I have had time to consider what I will be able to do during chemo and what I will need to let go or put on hold. I cleared my calendar as much as possible for the next four months. I talked with my community and close friends to help me make some of the difficult decisions about where and how to use my energy. I spent time upfront establishing balance in my life rather than frantically trying to do as much as possible up to the moment I started chemo. This meant asking others to take on some of my responsibilities — and not feeling guilty about it. I had a great confirmation of this decision when I turned my wall calendar over to October and read, "Accept the gift you have given to so many people. Let people love you back." Excellent advice, especially during this time, thanks to Jeanette Osias.
In 2008, with an advanced cancer at diagnosis, my treatment time inaugurated a radical reorientation of my ministerial life. During the four months of chemotherapy I had the grace to wonder, "For what are you healing me, O God?" What became clear to me was that I was ready to leave medicine, the profession that had been my first calling and to which I had dedicated the prime of my life. And so I did.
With whatever time I had left, I felt a call to serve in a capacity directed towards future generations in the church and in our congregation. Interestingly to me, as I lost all my generative organs I felt a surge of generativity, as though a creative energy was unblocked within me. A sense of urgency gave me the courage to imagine something new: a part-time diocesan ministry with young adults, while I resumed my congregational position as coordinator of vocation ministry and served with my sisters at Proyecto Santo Niño, a day program for children with special needs in Anapra, Mexico. As I finished chemotherapy and began the transition to survivorship, I felt that I had been "re-missioned."
What will this new course of treatment hold for me? Having experienced six years with NED (cancer lingo for "no evidence of disease"), I can hope for that again. The possibility alone gives me a different perspective as I begin chemotherapy. Instead of dropping everything as I did during treatment the last time, I feel that I will be able to continue some home-based ministries that feed my soul. One of those is directing the pre-novitiate program for three women discerning with our congregation. The experience of intentional community living is a key part of the initial formation process. Living together in community in New Mexico during the next year we desire to create an environment where all of us can listen with our hearts to discern the “what’s next” of our lives. My experience of cancer treatment will be part of the mix as we learn to be sister to each other, sharing prayer and shouldering the chores and challenges of daily life and ministry.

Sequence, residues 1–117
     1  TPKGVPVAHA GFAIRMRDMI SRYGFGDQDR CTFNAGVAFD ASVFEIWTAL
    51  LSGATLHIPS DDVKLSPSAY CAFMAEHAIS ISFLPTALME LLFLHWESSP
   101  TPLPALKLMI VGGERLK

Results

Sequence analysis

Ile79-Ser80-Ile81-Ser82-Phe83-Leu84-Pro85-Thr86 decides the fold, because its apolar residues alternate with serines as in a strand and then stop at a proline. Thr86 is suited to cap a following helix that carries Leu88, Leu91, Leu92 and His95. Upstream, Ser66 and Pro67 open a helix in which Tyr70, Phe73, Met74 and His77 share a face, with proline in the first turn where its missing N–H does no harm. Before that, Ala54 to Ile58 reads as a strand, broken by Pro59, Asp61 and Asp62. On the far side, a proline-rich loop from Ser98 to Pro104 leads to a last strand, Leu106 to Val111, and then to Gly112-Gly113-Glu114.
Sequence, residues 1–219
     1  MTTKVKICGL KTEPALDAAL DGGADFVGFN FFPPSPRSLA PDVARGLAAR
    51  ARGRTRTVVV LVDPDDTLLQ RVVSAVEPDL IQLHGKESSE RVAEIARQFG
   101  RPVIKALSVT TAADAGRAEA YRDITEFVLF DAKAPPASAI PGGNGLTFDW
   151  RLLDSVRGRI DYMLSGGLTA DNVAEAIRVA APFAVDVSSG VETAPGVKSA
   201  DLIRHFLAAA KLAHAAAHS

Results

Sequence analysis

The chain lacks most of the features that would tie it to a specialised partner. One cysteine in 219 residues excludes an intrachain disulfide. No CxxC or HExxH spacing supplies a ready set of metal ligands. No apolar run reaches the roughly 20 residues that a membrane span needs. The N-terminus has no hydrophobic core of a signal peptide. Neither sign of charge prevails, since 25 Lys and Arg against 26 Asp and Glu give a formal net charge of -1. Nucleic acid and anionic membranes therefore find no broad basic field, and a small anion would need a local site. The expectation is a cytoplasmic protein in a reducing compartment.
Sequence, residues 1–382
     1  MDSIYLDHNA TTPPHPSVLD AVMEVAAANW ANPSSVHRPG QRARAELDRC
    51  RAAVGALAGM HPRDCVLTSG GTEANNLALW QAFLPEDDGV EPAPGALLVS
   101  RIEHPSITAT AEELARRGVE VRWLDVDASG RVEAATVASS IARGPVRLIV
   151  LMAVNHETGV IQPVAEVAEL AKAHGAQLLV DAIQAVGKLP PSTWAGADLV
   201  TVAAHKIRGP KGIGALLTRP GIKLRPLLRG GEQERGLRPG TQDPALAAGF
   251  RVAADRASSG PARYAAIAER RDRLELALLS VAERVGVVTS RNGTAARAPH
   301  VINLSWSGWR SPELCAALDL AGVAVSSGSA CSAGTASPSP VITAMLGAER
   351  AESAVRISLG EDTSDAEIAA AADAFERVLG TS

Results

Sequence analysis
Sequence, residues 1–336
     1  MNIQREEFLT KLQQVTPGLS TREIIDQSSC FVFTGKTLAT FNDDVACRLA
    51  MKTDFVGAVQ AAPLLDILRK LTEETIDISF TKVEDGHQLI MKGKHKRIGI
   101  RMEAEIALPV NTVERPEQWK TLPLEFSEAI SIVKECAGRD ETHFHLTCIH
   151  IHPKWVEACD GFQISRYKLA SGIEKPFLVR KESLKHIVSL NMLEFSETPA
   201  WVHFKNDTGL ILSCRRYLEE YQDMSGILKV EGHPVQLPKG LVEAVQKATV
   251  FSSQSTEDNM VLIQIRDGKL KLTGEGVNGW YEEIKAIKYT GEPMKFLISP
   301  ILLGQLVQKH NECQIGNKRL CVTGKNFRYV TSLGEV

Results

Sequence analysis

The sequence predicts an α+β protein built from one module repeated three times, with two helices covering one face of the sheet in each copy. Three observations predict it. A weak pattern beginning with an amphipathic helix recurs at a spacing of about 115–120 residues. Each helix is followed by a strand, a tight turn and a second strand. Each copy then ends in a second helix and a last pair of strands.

An additional learning from last time around is that writing helps me make meaning of the experience of illness. This is what I hope to do as I write my way through the healing process over the next months in Global Sisters Report. I believe that this is a time of “inter-mission,” to live my call between remission and remission, when I have much to learn, to discern and to discover as I open myself to God’s healing ways.
[Janet Gildea, SC, has been a contributor to Global Sisters Report, writing on immigration and other topics from the U.S.-Mexico border. Janet began chemotherapy for recurrent ovarian cancer on October 6, 2015, an experience that she will be sharing in GSR over the next several months. Readers are also welcome to visit her blog, "Each Day Counts" at janetsc.wordpress.com.]